Grant Cameron popped out home this morning to let me know about an urgent meeting he is calling in regards to Retaining Walls. I don’t have that issue at my property, but was disturbed by what I am learning about this issue (the below link tells you more about the meeting and how to Register).
7:30pm – 9:30pm
Thursday, 10th July 2014
The Oak Room
Christchurch Netball Centre
455 Hagley Avenue, Riccarton, Christchurch
Apparently, and those of you with this problem will know it better than me, but a decision has been made that indemnity value of a retaining wall means a depreciated value. This “interpretation” from my understanding, seems to be something that EQC / insurers have jumped on as a way to reduce their pay-outs to claimants.
To paint a picture. Let’s say you own a commercial building. It makes sense from a taxation point of view to apply depreciation to assets (building) to take advantage of the tax benefit. A depreciated value does not affect a market value of an asset (building), nor does it influence the cost to rebuild or repair that asset (building).
When it comes to residential property we don’t tend to use a depreciation taxation models unless those properties are being used for commercial reasons (e.g running rentals as a commercial operation). Residential property valuations, as most of us know, tend to use market value plus and “cost to build” models etc. A Residential Property Valuer would not even consider using a taxation deprecation model to value your home. But it appears this is exactly what EQC and our insurers are going to use to asses pay-outs on damaged retaining walls.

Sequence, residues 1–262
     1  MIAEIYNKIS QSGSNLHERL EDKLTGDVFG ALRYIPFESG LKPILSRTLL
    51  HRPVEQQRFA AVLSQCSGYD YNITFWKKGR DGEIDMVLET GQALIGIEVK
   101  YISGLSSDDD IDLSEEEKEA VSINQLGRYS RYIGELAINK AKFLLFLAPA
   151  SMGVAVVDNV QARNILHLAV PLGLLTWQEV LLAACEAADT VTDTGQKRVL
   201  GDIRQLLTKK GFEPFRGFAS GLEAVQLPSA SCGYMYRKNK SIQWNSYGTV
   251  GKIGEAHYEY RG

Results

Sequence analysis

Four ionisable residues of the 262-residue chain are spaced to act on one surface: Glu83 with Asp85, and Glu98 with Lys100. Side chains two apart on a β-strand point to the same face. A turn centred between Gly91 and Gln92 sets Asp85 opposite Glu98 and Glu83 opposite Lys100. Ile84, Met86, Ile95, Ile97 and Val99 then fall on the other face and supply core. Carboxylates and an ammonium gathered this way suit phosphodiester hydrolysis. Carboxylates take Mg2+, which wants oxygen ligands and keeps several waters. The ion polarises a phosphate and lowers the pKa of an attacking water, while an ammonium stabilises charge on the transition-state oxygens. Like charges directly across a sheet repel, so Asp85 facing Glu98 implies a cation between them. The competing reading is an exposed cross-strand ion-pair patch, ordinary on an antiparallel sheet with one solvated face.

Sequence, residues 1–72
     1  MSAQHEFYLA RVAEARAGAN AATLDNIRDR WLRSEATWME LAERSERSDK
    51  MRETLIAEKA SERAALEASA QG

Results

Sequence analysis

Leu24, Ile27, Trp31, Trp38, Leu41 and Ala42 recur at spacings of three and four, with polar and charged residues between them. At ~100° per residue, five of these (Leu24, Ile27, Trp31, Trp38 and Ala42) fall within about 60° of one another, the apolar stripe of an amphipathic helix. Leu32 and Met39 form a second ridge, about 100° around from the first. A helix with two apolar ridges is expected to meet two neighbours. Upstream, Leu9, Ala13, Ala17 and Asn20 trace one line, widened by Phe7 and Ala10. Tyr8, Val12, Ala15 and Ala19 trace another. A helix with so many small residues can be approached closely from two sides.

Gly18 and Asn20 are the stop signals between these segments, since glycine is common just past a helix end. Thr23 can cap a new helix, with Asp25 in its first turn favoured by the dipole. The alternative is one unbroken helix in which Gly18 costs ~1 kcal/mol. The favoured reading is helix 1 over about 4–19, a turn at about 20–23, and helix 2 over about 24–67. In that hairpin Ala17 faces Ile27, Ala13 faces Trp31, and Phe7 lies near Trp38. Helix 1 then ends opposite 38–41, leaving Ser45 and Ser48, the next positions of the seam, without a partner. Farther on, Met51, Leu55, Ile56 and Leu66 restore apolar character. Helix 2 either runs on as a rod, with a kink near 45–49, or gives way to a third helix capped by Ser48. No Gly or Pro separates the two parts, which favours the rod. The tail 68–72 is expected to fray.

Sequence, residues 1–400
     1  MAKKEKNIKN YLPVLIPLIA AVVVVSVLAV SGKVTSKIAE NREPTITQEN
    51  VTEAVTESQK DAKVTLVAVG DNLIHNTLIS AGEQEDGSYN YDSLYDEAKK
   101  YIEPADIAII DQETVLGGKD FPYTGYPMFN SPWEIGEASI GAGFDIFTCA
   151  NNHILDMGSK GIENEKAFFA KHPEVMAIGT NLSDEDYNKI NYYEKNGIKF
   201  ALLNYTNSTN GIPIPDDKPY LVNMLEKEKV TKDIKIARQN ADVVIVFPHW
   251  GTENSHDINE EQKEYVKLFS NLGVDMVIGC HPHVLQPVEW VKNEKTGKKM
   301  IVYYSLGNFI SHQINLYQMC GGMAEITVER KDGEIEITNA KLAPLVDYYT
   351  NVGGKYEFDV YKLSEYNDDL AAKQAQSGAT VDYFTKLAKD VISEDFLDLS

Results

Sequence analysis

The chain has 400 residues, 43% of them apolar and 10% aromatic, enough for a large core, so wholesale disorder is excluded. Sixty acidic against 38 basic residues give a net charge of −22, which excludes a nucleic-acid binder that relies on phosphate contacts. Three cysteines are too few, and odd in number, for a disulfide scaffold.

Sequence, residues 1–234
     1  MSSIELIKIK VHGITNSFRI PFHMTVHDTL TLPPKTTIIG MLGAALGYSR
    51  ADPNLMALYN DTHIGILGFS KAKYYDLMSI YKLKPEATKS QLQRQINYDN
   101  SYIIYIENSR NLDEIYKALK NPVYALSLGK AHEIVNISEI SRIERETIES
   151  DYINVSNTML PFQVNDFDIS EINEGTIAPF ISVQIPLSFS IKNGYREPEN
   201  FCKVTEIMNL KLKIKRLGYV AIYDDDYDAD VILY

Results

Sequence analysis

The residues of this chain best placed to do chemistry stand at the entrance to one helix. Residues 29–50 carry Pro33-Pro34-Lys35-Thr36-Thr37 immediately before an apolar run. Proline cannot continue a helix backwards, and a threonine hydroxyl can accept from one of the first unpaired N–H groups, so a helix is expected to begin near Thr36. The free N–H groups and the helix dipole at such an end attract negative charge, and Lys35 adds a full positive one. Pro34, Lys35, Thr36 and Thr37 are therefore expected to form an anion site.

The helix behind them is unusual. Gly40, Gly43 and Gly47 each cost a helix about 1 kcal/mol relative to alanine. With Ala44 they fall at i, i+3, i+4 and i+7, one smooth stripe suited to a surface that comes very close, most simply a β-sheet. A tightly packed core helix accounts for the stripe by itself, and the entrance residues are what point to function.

This is NOT JUST A CANTERBURY ISSUE.
Let’s run an example. If I have a retaining wall that I build in 2001 that cost $200,000 to build, using a taxation depreciation model for a building that has a 50 year life, and using DV (Depreciating Value with the IRD rate of 10.5% my retaining wall has a value of around $48,000 in 2014. That is not far off an example of an offer that has recently been made to a claimant. Rebuild Christchurch’s website has the numbers that are being bandied about –check those out for a more accurate model.
This opens an entire can of worms. Imagine that my property is worth $900,000, well it was until I could not afford to repair my retaining wall. I am exposed, my bank is exposed and my insurer is not going to move an inch until I sort out the retaining wall.
GCA have seen this issue coming and want to do something about it and want your feedback. The meeting is short notice, get along if you can, costs nothing but your time.
One caveat, I am not an accountant and the figures I used about are my lay persons look at a complex situation. Do your own research, gather as much information as you can – but work together to get a result. We cannot fight back individually and we must not accept models that are flawed.